Published on May 14th, 2020
Living with chronic pain syndrome is more than just dealing with the physical limitations – it can sometimes affect your close relationships too.
If you experience chronic pain, it’s important to maintain strong bonds with your loved ones to boost your overall sense of wellbeing.
Chronic Pain And Your Close Relationships
Firstly, let’s take a look at how chronic pain may affect the different relationships in your life.
If you suffer from chronic pain, you may become more and more dependent on your partner for parenting duties, household chores and emotional support.
It may also lead to financial worries if you become unable to work. Intimacy may also be tricky depending on the type of pain.
Young children can be confused about what it means to have a parent with chronic pain and may find it upsetting to see their mum or dad suffering.
You may feel guilty that you can’t do as much for your child as you would like to or once could.
For example, Carole, who has suffered from chronic pain most of her adult life, found that her chronic pain affected what she was and wasn’t able to do as a single mother.
She found that she needed to stop pushing her daughter in her buggy early on and said, “The other parents would look at me funny, but being a single mum with chronic pain, I didn’t have a choice.”
Friends And Family
Sometimes symptoms are so significant that it simply isn’t possible to go out and spend time with friends or family, leading to a sense of alienation.
It’s quite possible that your loved ones don’t understand how draining your chronic condition can be and may take frequent cancellations from you as rejection.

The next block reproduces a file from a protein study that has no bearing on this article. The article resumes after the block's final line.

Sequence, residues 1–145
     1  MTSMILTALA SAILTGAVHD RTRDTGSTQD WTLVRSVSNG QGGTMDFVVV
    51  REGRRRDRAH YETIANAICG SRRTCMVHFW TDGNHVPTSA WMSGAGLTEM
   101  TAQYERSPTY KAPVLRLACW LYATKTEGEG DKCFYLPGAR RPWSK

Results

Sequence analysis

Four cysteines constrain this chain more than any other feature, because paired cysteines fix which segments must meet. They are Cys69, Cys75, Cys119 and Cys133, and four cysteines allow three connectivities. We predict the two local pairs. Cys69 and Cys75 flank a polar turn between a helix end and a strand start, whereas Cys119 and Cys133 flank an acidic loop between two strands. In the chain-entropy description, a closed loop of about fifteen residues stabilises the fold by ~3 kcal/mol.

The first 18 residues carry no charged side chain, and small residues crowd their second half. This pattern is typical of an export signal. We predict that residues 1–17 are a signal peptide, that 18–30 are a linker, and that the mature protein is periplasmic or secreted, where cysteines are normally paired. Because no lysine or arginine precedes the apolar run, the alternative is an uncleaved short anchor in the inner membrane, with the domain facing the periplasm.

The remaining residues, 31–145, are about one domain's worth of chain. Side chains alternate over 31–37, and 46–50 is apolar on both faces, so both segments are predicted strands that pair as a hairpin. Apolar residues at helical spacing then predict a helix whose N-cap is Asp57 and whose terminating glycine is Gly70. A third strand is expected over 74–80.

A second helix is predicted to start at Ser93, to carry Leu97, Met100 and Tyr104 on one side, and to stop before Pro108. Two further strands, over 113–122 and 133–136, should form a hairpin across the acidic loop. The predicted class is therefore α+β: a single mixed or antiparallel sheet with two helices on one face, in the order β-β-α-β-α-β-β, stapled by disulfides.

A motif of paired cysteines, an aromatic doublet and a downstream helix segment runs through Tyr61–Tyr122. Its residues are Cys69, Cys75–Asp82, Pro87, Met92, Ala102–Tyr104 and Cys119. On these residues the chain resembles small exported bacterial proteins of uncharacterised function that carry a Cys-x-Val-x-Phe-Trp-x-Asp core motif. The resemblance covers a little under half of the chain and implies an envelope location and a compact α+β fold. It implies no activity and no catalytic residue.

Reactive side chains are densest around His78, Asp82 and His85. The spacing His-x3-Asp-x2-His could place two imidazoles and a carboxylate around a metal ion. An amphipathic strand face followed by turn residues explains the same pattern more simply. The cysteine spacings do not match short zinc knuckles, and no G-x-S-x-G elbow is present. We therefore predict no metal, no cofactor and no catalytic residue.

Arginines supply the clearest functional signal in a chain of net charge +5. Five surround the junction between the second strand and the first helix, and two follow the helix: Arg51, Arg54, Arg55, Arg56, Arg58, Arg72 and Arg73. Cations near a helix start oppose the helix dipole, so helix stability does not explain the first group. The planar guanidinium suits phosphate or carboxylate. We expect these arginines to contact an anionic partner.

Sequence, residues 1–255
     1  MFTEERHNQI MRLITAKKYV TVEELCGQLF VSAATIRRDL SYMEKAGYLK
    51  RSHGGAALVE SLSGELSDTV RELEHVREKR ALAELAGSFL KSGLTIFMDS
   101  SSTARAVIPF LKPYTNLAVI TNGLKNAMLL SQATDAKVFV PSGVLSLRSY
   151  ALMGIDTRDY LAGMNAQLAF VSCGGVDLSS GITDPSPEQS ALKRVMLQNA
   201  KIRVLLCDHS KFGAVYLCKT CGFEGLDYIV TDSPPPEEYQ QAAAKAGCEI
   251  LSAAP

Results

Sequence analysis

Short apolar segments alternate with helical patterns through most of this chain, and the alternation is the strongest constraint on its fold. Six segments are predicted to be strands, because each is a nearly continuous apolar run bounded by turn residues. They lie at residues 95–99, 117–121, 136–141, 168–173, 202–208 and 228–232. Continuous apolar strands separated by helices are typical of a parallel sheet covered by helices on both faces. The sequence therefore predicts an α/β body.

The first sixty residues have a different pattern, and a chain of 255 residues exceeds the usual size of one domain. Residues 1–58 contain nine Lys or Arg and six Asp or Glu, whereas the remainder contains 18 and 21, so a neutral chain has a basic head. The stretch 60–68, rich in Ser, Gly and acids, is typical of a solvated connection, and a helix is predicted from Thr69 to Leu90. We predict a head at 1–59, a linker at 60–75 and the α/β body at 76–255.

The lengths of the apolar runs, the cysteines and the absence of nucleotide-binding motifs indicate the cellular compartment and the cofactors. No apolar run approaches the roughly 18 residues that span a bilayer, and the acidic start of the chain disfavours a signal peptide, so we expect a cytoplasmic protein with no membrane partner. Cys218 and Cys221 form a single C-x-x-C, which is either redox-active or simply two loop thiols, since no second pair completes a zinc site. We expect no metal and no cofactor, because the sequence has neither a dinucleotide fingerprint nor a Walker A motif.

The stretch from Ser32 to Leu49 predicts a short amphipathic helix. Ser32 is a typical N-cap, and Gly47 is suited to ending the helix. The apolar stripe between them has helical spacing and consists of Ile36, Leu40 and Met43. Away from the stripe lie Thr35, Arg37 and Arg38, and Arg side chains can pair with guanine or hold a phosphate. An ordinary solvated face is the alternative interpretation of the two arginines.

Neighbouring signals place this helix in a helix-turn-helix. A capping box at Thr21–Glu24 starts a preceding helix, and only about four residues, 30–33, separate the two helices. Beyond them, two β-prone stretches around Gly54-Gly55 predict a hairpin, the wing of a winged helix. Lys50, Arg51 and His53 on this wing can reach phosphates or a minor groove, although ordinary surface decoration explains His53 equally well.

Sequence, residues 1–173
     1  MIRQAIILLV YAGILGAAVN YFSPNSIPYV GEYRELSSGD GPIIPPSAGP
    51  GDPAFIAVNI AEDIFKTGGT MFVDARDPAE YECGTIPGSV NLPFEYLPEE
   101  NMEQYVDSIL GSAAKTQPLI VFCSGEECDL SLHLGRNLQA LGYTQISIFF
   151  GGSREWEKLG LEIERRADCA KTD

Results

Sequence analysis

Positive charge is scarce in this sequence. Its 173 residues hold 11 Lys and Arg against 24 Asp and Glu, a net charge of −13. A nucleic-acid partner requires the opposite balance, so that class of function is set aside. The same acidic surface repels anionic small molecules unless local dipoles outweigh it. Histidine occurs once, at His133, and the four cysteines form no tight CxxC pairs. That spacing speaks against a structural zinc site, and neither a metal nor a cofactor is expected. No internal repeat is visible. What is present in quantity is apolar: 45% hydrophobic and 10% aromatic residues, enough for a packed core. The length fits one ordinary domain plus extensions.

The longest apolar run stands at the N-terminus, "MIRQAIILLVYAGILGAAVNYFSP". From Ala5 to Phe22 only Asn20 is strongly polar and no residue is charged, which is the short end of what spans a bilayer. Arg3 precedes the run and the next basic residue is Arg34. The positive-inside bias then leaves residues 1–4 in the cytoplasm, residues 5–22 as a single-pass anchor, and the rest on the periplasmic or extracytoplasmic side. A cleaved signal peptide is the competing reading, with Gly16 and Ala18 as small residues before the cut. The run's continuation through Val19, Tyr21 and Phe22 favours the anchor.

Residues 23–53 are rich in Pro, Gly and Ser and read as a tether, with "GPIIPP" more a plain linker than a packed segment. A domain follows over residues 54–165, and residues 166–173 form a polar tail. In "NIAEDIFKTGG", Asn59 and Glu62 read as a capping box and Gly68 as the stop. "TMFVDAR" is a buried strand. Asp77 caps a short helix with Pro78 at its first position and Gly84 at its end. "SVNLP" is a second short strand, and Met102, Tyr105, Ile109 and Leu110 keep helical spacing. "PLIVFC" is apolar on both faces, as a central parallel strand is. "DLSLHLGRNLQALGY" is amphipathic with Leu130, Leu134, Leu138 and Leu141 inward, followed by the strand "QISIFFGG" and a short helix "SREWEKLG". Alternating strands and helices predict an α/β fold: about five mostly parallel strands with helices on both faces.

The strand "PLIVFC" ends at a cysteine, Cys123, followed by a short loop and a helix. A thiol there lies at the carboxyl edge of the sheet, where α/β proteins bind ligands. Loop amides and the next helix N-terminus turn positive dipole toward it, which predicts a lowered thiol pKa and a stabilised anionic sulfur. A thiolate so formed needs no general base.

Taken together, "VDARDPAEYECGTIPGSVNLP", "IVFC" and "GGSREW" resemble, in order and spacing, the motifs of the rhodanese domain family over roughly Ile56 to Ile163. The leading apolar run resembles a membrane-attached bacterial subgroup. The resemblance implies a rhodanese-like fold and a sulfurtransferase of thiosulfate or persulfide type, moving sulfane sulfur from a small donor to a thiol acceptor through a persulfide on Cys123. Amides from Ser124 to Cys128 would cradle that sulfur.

Additionally, the physical limitations and emotional strain of chronic pain can affect your confidence, sometimes making it difficult to maintain friendships.
How To Maintain A Relationship When Living With Chronic Pain
With the right kinds of communication, chronic pain doesn’t have to get in the way of your relationships. Bottling up your emotions can end up making things worse for you and those around you, so be open about how you feel.
- Don’t wait for your partner to read your mind – tell them how you are feeling often, and don’t forget to share when you are feeling good as well as bad.
- Maintaining a physical relationship may have its challenges, but it’s worth making the effort to try if you feel comfortable doing so. Have an open discussion about what kind of physical contact feels good and plan physical intimacy for times when your pain levels tend to be lower.
- Date night doesn’t have to involve leaving the house if you are not up to it. A few candles at dinner and some relaxing music can go a long way towards boosting endorphins and helping you feel more connected to your partner.
- Encourage your children to keep an open dialogue with you. Reassure them that they can come to you if they are feeling confused or worried.
- Focus on the things you can do with your children instead of what you can’t, whether that’s cooking a meal together, watching them while they play in the park or even just reading a book together.
Friends And Family
- Your friends and family might not truly understand what it is like to have chronic pain but they will appreciate the effort you make to keep plans when you can. Compromising can be better than cancelling, so if you can’t go out for that coffee during a flare-up, invite them round to your home. That way you can stay as comfortable as possible while still keeping connected.
Persistent pain can affect your quality of life, but taking steps to strengthen relationships with your loved ones is sure to alleviate some of the emotional strain. With open and honest communication and some out of the box thinking, life can be enjoyed with your loved ones by your side, supporting you every step of the way.
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